In our last post we have created a simple importer that we could invoke from the MPS Console. Today we’ll start implementing a way for our users to invoke the importer.
A common way of extending MPS is via plugins that provide actions. An action is a piece of code that can be invoked via a menu, such as the main menu or a context menu, or a key combination. In the context of MPS it is important to distinguish these so called plugin actions from editor actions which are invoked by the MPS editor to manipulate the node being edited. Both types of actions can be provided by the language developer but plugin actions can perform any task and have access to the entire IDE, whereas editor actions only have access to the current editor and the node being edited.
To launch the importer our action will need two pieces of input from the user: the source file and the target model. Our plan will be to take the target model from the context and use the built-in file chooser dialog to ask for the source file.
Whereas we were free to put our Java code (almost) anywhere we like, we are more constrained with plugins and actions. They must reside in a specially configured solution in a specially named model. MPS provides a wizard that can create both the solution and the model for us, found in the context menu of the project (New → Plugin Solution):
The wizard will perform three tasks for us:
Create a solution and set its Solution Kind set to Other. You can also manually set the solution kind on the Java tab in the solution properties dialog:
Create a model named
<solution-name>.pluginwith a few useful languages already imported for use.
Create a root node of concept
These three arcane bits of configuration are required for MPS to load actions and other plugin elements from the solution. More details about MPS classloading and solution kinds can be found on a helpful Wiki page of the mbeddr project.
Creating an action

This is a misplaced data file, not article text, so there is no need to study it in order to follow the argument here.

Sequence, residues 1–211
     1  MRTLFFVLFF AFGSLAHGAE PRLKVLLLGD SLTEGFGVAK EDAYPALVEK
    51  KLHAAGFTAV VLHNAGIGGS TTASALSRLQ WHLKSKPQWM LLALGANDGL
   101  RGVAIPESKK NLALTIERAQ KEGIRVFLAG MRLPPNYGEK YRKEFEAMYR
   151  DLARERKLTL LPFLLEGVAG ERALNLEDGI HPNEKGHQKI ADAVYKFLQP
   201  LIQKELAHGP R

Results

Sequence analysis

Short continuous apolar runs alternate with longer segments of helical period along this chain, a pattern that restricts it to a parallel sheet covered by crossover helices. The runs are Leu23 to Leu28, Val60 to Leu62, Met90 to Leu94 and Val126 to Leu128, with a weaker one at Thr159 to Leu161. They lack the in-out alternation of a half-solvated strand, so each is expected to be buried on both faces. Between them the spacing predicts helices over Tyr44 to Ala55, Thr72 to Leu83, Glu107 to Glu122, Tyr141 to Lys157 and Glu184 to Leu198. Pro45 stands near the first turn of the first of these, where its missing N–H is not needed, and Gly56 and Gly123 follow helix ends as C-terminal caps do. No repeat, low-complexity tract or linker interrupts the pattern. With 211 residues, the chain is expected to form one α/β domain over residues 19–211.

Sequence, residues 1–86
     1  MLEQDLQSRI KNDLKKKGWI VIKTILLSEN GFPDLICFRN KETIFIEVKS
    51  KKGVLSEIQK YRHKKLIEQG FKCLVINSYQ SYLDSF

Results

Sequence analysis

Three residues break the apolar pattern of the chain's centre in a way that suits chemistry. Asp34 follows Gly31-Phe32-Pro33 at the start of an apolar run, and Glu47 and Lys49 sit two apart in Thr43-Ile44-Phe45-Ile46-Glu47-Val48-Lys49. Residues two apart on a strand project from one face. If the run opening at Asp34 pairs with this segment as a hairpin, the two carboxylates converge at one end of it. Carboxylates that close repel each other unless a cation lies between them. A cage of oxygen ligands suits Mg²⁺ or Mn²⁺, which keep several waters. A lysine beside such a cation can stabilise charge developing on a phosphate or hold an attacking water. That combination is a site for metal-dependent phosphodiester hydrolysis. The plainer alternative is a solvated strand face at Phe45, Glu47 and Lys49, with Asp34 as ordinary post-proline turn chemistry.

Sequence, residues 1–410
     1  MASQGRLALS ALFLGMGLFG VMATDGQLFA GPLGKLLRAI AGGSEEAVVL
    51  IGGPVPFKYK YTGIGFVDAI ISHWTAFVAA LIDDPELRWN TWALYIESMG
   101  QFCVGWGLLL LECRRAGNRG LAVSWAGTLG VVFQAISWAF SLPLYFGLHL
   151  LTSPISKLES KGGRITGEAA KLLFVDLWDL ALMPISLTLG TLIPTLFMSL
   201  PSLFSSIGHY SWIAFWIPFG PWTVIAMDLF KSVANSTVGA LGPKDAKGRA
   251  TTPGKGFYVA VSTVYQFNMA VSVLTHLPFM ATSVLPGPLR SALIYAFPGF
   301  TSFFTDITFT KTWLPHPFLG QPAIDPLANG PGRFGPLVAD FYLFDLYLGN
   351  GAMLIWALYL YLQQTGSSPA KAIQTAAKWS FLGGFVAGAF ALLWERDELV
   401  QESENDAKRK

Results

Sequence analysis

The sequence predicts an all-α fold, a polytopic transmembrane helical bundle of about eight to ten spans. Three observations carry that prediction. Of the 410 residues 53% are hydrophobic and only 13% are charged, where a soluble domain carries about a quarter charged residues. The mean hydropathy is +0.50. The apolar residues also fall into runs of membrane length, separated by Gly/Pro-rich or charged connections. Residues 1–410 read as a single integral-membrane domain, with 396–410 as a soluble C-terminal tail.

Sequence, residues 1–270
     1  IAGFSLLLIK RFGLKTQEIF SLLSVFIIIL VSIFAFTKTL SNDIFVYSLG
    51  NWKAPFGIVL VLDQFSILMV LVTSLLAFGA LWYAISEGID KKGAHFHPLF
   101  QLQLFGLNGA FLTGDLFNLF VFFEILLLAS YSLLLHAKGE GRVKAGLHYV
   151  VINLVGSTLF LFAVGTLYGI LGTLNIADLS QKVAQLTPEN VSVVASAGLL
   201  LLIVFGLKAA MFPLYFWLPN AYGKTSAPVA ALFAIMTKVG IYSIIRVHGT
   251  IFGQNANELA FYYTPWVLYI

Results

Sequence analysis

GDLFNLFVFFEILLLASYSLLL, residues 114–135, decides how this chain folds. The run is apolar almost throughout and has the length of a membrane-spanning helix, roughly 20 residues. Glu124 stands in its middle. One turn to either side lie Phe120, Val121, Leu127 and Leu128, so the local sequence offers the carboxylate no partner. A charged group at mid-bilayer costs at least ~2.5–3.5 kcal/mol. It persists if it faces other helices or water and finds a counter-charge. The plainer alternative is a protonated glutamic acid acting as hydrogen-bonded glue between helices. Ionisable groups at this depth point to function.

We can now create our first action in the model (right click on the model → New → j.m.lang.plugin → Action). Let’s
ImportLocationsFromJson and set the caption to “Import Locations from JSON…”. The ellipsis at the end is a
convention to indicate that the action will show a dialog.
As a quick check that things so far have been configured properly, after we build the action we should be able to use
the “Find Action” popup (
Ctrl/Cmd+Shift+A) to look it up:
You can even try invoking it from that popup (press
Enter): it should do nothing at all (including throwing no
NOTE: Actions are documented in the JetBrains MPS Help and I suggest you read the documentation to gain a better understanding of what we are going to do.
Getting the target model: context parameters
Our action will be placed in a context menu of a model. It can determine the model that it is invoked on via a context
parameter with key
MODEL. To use this key we need to import the model that contains
If MPS does not give the name to the parameter automatically, name it
model. Leave it required.
Adding a required parameter serves two purposes: we will be able to use it in the
execute block, and the action will
be disabled if invoked from a context where no model is present. If you now try looking up the action again via
Cmd/Ctrl+Shift+A, you will find that the action is disabled if the editor is focused and enabled if the focus is on a
model in the Logical View (project tree).
Having the model means we have one half of our inputs without writing any code yet. In our next part we will have no such luxury and will get our hands dirty with Java code to let the user pick the input file and perform the action. Meanwhile, the code is on GitHub and I’m eager to hear your reactions and thoughts about the tutorial so far.